Victim families and residents make big discoveries after showing up to burned Worcester apartments

WORCESTER, Mass. — Four days into the Gage street fire investigation, police still have not released any identification of the victims. As more families showed up Tuesday, they told Boston 25 they heard from police that a potential criminal investigation could be holding up the release of those names.

Those mourning families were in disbelief as they left flowers for the four people who died Saturday. One victim’s family members told Boston 25 that her dad didn’t even live there, but was at the wrong place at the wrong time.

Dozens of people were displaced by the fire, including Cory Wheeler, who says as he came back to get his stuff, he came across a discovery.

“When we first moved in, there were no smoke detectors in the kitchen,” said Wheeler who stayed in his car for a couple of days. “Today, we go up there – there were new smoke detectors screwed in.”

Something else they saw on day four – several ATF agents, police, and a truck from the New Bedford fire department walking in with hazmat suits.

“ATF will not be here if it was nothing,” said Wheeler.

Police are still staying tight-lipped on the investigation into the cause, but residents like Manuel Lucero, who helped rescue several people, say they have many suspicions from what they noticed before the fire.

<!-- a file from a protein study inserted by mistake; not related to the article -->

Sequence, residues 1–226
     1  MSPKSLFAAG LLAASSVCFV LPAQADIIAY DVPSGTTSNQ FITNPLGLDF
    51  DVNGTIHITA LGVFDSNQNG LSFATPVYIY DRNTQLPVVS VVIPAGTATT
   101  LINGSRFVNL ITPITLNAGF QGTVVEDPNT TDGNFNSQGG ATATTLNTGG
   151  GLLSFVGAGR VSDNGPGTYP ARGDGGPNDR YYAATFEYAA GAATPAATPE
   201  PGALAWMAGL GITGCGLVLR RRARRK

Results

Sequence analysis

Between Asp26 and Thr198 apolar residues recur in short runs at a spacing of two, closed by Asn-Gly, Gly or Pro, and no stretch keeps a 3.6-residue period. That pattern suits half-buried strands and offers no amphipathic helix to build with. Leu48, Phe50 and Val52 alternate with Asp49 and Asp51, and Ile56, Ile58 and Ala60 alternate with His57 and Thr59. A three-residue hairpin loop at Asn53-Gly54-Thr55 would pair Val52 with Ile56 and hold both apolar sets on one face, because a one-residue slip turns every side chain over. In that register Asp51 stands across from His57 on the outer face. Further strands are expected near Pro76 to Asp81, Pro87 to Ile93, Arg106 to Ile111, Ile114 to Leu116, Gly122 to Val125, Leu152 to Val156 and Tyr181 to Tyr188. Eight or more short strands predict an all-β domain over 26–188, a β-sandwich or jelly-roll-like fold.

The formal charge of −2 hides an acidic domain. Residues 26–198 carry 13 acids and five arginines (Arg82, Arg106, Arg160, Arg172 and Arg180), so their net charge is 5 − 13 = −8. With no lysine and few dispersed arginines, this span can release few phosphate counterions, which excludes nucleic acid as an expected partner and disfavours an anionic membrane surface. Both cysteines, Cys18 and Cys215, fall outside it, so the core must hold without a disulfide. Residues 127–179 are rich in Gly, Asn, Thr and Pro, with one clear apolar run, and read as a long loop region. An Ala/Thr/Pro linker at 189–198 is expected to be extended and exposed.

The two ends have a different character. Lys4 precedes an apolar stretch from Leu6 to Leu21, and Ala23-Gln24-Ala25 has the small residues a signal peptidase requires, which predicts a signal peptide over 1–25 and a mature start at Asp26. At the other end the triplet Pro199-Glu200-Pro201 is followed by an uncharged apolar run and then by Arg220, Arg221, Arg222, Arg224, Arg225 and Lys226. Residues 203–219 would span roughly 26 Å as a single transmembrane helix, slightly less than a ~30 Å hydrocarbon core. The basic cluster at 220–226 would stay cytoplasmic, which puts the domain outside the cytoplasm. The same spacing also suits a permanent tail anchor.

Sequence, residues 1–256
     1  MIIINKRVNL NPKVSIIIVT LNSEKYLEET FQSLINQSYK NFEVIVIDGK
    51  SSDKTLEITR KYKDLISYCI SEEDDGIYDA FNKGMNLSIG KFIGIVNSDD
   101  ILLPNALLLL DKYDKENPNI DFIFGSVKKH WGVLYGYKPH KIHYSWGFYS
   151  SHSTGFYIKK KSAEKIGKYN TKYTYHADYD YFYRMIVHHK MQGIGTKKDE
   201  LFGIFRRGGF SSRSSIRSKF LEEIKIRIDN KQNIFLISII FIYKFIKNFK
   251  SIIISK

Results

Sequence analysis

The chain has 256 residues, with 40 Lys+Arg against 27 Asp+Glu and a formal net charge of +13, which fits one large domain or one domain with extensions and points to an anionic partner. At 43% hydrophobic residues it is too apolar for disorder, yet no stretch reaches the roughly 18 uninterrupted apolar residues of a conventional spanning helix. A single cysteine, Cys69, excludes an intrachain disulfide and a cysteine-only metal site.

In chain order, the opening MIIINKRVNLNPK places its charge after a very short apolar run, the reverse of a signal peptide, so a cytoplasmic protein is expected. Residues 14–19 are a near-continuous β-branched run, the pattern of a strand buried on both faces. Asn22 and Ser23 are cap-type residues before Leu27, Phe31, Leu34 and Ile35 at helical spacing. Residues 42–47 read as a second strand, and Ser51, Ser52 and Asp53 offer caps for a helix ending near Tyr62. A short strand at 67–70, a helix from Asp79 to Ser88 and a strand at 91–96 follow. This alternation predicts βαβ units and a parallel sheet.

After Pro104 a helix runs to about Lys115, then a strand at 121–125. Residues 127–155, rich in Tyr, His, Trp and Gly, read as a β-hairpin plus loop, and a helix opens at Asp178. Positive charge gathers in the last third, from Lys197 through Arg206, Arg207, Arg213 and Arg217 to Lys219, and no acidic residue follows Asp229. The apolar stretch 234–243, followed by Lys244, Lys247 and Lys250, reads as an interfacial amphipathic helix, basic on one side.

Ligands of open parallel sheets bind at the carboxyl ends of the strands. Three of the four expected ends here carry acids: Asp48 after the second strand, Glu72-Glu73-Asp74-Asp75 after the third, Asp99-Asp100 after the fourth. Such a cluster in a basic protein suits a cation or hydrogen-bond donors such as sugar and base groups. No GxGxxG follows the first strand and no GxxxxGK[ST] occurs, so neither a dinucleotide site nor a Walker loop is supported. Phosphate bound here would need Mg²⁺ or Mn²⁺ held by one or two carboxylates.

“Weird stuff to hear at three in the morning,” said Lucero. “A lot of hushed whispers rummaging around. It felt odd.”

Residents tell us they were all questioned by police, as was the landlord, about the start of the fire and even their living arrangements, something the Worcester City Manager Ed Augustus couldn’t elaborate on.

“I’m not going to get into that because that goes to the investigation,” said Augustus who was able to provide some good news. “We do believe at this stage that there will be no more victims.”

But even for those who survived, they lost just about everything.

“I went to Red Cross. They gave us $515, but the hotel is too expensive, so I don’t know where to go now,” said Jesus Colon, who was displaced. “They stole my car from there a couple of months ago, then in January my father died of cancer. Now this.”

The landlord Jim Li wouldn’t elaborate on the new smoke detectors but told Boston 25 there were working smoke detectors inside, and that he did everything up to code.

This is a developing story. Check back for updates as more information becomes available.

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